Paris and Nicole’s Mayhem

In their frequent shopping sprees Paris and Nicole often have trouble checking the bill. To address their less than impressive numeracy skills they decide to return to school. After a year of maths training the teacher wants to test the class of 25 students and lines them up in a queue such that Paris and Nicole are standing next to each other. The teacher then writes a whole number on the board and the first person in the queue says “That number is divisible by 1.” Then the second person in the queue says “That number is divisible by 2,” and so on till the final student in the queue says “That number is divisible by 25.” After all this the teacher exclaims “Well done! Except for Paris and Nicole everyone made a correct statement.”  Find where Paris and Nicole were standing in the queue.

So, we’re looking for a number that can be divided by all numbers from 1 through 25 EXCEPT two of them, that are also consecutive. The number 1 will divide anything, so, that’s trivial. We can also come up with a number that can be divided by ALL of the numbers by simply taking the product of all of those numbers. This doesn’t quite give us our answer, and it also results a number that is much bigger than we really need since some factors would be repeated. (e.g. any number for which 4 is a factor will also have 2 as a factor, so if we don’t need to include both 4 (i.e. 2 x 2) and 2 as factors. Take this a bit further, you see that by including 16 as a factor (2 x 2 x 2 x 2) we include 2, 4, and 8 as well.)

Let’s create such a product, expressed in a form that is prime-factored, though assuming all of the students’ answers were correct:
```2: prime
3: prime
4: 2 x 2
5: prime
6: 2 x 3
7: prime
8: 2 x 2 x 2
9: 3 x 3
10: 2 x 5
11: prime
12: 2 x 2 x 3
13: prime
14: 2 x 7
15: 3 x 5
16: 2 x 2 x 2 x 2
17: prime
18: 2 x 3 x 3
19: prime
20: 2 x 2 x 5
21: 3 x 7
22: 2 x 11
23: prime
24: 2 x 2 x 2 x 3
25: 5 x 5```
Combining these (e.g. the factored forms of 4 and 8 are implicit in the factorised 16) we get
`2 x 2 x 2 x 2 x 3 x 3 x 5 x 5 x 7 x 11 x 13 x 17 x 19 x 23 = 26771144400. `
This number is divisible by all of the numbers from 1 to 25. It should be easy to see that by removing, say, 13, we get a number that is still divisable by all of the other numbers from 1 through 25. (13 x 2, the smallest of the other numbers, equals 26, which falls outside range of factors.) Removing 13 we get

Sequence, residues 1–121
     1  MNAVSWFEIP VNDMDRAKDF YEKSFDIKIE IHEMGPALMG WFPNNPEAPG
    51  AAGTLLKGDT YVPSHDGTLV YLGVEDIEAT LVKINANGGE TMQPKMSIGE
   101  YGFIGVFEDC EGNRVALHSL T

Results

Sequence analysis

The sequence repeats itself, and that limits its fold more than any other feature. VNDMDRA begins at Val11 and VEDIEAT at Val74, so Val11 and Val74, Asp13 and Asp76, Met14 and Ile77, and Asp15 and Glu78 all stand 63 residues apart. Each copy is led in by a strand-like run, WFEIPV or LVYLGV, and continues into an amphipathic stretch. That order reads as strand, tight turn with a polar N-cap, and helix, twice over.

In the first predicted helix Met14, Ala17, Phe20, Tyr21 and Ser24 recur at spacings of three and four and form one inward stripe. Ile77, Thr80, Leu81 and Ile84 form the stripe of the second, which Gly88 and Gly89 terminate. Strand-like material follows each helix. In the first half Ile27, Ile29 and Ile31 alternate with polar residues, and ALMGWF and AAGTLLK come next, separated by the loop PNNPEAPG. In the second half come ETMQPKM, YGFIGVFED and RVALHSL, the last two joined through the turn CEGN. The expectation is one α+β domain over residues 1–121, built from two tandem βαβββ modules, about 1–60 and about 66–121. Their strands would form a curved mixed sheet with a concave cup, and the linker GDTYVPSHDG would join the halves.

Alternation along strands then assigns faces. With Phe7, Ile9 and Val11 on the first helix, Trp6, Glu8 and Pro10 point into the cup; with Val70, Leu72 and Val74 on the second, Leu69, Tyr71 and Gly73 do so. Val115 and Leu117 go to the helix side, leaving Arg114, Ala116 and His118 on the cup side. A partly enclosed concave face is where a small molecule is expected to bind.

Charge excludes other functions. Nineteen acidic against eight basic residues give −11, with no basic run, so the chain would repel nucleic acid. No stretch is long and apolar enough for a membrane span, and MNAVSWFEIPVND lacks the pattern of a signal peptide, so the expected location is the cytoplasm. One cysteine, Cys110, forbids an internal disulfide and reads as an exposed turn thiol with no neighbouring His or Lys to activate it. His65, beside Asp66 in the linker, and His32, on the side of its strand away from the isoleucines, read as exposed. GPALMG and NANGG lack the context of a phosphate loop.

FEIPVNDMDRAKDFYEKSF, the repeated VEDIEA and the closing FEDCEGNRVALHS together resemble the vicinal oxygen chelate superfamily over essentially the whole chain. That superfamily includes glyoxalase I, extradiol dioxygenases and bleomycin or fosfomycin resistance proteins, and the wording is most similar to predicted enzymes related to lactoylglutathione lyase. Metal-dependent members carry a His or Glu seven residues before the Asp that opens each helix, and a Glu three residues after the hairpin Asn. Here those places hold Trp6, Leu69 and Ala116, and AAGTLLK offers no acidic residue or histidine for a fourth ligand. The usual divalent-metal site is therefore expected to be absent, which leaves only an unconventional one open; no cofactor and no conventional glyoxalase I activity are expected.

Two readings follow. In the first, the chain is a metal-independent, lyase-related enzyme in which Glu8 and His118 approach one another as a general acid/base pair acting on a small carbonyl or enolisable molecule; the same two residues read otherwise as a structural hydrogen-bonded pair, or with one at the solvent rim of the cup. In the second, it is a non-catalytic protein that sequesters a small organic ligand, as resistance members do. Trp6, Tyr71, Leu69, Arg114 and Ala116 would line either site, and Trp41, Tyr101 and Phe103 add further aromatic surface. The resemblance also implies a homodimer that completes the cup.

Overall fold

`2 x 2 x 2 x 2 x 3 x 3 x 5 x 5 x 7 x 11 x 17 x 19 x 23 = 2059318800,`
But, we need TWO CONSECUTIVE numbers. Suppose we stick with 13 and try removing 12 as well. But, 12 = 2 x 2 x 3, so, we’d have to either remove both of the 3’s as factors, or at least 3 of the 2’s to have no 12. Suppose we remove both 3’s to give us
`2 x 2 x 2 x 2 x 5 x 5 x 7 x 11 x 17 x 19 x 23`
Now we’d have no 13, no 3, no 6, no 9, no 15 … already we have more than two numbers that don’t divide whatever was written on the board. So, 12 won’t work. How about 14? Same problem. You’d need to remove either all of the 2’s or the 7, but, removing all of the 2’s gets rid of all even numbers as valid factors, and removing the 7 gets rid of 14 and 21 as well. So neither Paris nor Nicole occupy the 13th place in line.

Let’s try 17. Like 13, when you remove this as a factor from the original factorization, above, you get a number that is divisible by all other numbers except for 17. We then need to look at 16 and 18 as possible second candidates. 16 = 2 x 2 x 2 x 2. Take out just one of those 2’s and we can still keep every other product in which 2, 4, or 8 is a factor, so removing just one 2 results in the loss of only 16 as a factor. Looks like Nicole and Paris were the 16th and 17th students in the line. For completeness we can look at 18 and see that it doesn’t work since 18 = 2 x 3 x 3, so we’d need to drop all of the 2’s which means we’d have a product with more than two wrong answers in the list.

`2 x 2 x 2 x 3 x 3 x 5 x 5 x 7 x 11 x 19 x 23 = 787386600.`